These successful programs were shared by KTB affiliates. Lesson plans have been created for each program, along with TEKS correlation. The programs are available to utilize in both formal and information educational settings.
Submitted by Keep North Richland Hills Beautiful
Grade Level: 3-5
- To build a Junior Master Naturalist Program
- To promote a love of gardening and develop and appreciation for the environment
- To educate youth on the benefits of gardening, plants and healthy nutrition
This program was designed to engage Junior Master Gardener (JMG) students in horticultural and environmental concepts by exposing students to community gardeners, scientists, and college/high school students who offer expertise. The program focuses on sustainability, beautification, litter prevention, water conservation, and waste reduction.
The Germinators Activity Guide
Submitted by Keep Rowlett Beautiful
Grade Level: any, 6-12
- To design and build a demonstration garden
- To strengthen community partnerships
- To sustain a community garden
This program was designed to create a demonstration garden that exemplifies native, adaptive, and drought tolerant plants of Texas. Beautification, conservation, and strengthened community partnerships are achieved through the planning, implementation and long-term stewardship of a demonstration garden.
Demonstration Garden Activity Guide
Submitted by Angelina Beautiful/Clean
Grade Level: 3-5
Students will define decomposition and biodegradation, identify products that are biodegradable, put products in order of their decomposition rate, and recognize trash items that can be recycled or reused in order to reduce our landfill usage.
This activity was designed to educate students about trash, littering, and making positive choices about waste disposal. The lesson includes an introduction discussion and a hands-on activity, followed by a closing discussion on waste reduction and responsible habits.
Trash Timeline Activity Guide
RECYCLING FASHION SHOW
Submitted by Keep Mesquite Beautiful
Grade Level: K-12
To challenge the way people think about trash and to engage the public in creative uses of waste.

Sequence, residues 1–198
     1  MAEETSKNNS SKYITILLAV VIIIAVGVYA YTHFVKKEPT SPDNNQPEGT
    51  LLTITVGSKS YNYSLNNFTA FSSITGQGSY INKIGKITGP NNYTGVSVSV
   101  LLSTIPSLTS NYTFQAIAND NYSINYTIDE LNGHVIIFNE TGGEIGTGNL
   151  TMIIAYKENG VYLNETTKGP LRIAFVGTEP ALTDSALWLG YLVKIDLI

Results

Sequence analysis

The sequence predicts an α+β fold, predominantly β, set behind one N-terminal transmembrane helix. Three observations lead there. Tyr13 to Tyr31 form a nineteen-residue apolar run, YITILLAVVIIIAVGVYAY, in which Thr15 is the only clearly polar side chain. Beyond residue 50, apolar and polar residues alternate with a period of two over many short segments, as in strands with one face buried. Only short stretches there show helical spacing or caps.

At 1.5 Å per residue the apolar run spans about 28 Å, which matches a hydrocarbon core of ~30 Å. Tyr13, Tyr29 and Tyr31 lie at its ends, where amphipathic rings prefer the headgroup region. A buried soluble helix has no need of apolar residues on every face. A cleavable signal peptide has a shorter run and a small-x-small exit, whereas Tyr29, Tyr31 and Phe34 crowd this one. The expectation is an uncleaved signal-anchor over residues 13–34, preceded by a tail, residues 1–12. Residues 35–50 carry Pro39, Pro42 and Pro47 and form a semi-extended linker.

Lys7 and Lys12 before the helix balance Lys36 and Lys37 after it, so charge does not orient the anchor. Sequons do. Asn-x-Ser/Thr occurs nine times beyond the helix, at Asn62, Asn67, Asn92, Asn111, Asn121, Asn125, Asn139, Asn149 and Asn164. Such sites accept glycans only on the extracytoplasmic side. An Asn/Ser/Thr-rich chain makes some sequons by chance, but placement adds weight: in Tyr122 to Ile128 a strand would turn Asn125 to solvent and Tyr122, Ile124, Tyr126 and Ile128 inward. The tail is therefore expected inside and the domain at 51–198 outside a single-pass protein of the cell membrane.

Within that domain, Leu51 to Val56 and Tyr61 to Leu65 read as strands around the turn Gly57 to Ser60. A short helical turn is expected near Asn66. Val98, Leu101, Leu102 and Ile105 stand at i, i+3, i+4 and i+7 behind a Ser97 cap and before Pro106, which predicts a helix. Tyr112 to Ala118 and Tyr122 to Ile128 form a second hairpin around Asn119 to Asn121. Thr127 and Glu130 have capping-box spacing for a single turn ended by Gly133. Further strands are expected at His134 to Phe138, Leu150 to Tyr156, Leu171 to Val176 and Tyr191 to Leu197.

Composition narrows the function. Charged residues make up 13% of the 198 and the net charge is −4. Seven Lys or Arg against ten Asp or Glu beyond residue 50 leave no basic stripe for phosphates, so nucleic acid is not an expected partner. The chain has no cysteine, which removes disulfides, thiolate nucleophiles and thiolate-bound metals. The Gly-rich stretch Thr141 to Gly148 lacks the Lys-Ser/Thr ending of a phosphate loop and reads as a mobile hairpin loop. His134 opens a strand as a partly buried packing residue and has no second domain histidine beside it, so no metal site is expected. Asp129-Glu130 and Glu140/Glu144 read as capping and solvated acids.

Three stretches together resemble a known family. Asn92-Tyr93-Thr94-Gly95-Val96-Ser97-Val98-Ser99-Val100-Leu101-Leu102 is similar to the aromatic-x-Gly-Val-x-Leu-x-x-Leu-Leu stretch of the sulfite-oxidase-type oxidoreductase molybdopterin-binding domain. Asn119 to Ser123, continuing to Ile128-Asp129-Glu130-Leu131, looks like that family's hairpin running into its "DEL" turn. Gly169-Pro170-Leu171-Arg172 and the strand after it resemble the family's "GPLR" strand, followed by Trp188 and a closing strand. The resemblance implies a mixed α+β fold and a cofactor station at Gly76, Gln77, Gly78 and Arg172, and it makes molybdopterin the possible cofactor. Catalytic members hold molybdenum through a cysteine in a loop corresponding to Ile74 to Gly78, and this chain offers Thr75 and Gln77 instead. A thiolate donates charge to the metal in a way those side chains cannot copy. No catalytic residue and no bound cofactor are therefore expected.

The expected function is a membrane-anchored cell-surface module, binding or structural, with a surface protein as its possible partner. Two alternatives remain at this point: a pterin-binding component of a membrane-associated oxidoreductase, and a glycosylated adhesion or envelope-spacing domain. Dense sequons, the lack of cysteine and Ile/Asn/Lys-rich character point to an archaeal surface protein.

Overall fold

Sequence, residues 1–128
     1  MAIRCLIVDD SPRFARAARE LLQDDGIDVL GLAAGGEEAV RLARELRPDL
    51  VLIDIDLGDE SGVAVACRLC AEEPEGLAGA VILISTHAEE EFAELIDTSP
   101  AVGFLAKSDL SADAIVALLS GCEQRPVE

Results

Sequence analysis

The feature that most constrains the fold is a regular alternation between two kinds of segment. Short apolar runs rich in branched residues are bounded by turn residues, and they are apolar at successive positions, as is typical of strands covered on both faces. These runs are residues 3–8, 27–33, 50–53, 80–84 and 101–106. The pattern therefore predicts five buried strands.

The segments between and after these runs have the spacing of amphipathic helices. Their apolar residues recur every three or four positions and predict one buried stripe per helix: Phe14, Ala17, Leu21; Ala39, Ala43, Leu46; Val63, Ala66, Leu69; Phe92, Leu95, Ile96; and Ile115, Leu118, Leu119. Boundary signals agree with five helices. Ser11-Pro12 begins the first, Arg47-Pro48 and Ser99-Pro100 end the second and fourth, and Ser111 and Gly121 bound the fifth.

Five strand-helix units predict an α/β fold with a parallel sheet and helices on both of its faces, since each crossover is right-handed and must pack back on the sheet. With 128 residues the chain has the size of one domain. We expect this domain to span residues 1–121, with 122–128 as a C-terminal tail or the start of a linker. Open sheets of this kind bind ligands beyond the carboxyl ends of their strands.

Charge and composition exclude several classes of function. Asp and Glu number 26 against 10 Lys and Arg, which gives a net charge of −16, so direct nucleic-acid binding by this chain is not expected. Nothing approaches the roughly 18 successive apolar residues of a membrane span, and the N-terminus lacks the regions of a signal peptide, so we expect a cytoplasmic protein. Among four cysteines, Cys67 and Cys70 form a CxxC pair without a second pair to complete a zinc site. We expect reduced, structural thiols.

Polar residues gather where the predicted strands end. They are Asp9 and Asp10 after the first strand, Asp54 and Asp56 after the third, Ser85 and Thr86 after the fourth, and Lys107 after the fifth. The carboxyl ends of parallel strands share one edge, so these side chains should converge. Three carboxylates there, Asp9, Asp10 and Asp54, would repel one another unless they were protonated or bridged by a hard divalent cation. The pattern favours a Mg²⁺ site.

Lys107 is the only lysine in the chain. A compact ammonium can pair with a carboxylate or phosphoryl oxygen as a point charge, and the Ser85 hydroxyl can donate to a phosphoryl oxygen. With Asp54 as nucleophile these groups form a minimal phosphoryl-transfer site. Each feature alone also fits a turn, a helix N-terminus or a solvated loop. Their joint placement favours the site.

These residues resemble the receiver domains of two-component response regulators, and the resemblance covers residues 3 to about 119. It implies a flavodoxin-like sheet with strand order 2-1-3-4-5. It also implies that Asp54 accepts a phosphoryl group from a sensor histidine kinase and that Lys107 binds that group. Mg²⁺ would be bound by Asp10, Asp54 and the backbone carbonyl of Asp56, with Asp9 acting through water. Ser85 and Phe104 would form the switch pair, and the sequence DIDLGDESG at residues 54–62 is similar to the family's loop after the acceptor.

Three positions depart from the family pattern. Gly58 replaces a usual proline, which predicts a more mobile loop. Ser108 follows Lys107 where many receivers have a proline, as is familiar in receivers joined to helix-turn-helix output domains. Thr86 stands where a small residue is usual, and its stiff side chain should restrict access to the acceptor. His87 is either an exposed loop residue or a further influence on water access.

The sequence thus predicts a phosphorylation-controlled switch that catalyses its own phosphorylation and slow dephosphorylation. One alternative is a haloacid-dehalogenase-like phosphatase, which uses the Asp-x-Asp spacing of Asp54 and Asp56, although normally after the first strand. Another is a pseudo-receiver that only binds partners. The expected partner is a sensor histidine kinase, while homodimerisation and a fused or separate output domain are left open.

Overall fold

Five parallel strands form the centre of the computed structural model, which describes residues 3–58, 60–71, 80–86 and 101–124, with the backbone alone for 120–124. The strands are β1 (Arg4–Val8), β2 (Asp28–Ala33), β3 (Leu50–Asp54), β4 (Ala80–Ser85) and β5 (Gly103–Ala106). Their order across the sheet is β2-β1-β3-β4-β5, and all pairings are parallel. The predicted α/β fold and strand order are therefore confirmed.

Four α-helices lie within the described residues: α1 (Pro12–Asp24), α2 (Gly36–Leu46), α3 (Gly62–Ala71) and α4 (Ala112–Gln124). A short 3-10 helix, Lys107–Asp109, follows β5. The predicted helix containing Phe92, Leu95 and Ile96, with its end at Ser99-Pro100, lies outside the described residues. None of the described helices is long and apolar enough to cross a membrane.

This program was designed to challenge the public to think about trash in different ways. It is open to participants age kindergarten through college and beyond. The show brings costumes made from trash and recyclable material to a runway show held at a town center, preferably a mall. The 2014 theme, “The Great Big Spooky-Wooky Recycled Costume Contest,” challenged people to pre-plan for their Halloween costumes while preserving the environment. Contestants make a costume from mostly recycled or recyclable materials, and model it in a runway style fashion show. Winners in each age category received a $50 prize; a Best of Show prize for $100 is given to the highest overall score. This year, for the first time ever, groups are invited to participate in the show. A business or civic group may enter a costume that advertises the business’s recycling or environmental efforts.
- Recycling Fashion Show Activity Guide
- Recycling Fashion Show Planning Guide
- Recycling Fashion Show Application Packet
- Recycling Fashion Show Poster
YOUTH ADVISORY BOARD
Submitted by Keep Sugar Land Beautiful
Grade Level: 6-12
- To develop high school student environmental leaders
- To strengthen school environmental programs
- To engage more high school students in KTB affiliate programs and events
This program was designed to create youth environmental leaders through advisory board service. A prospective student completes an application and personal interview before being chosen as a member of the Youth Advisory Board (YAB). Students meet monthly with the member affiliateâ€™s Executive Director. These meetings function as opportunities to learn about program development, governmental regulations, and partnership opportunities. As board members, students brainstorm, share ideas, and problem solve, while being mentored for leadership responsibilities. Each year, current members develop or select a project to complete as a board. Additionally, students work with the ED to prepare and lead presentations for scouts, elementary, and middle school students. They may also volunteer at exhibits and outreach events or work behind the scenes with event preparation. Field trips may also be arranged to teach advisory members about water surface treatment plants, recycling, litter prevention, clean water, sustainability, reforestation, and other â€œgreenâ€ programs. Overall, this program promotes youth leadership development and builds confident, knowledgeable stewards of sustainability.
- Youth Advisory Board Activity Guide
- Youth Advisory Board Application and Waiver
- Ball of Yarn Activity Guide
Submitted by Angelina Beautiful/Clean
Grade Level: 6-12
Students will make connections between water saving techniques and the estimated amount of water saved through these specific conservation techniques. Students will match the correct water saving technique with the amount of water saved.
This is an activity designed to introduce vocabulary and methods for water conservation.
Water Wisdom Activity Guide
The Youth Resource Library is sponsored by: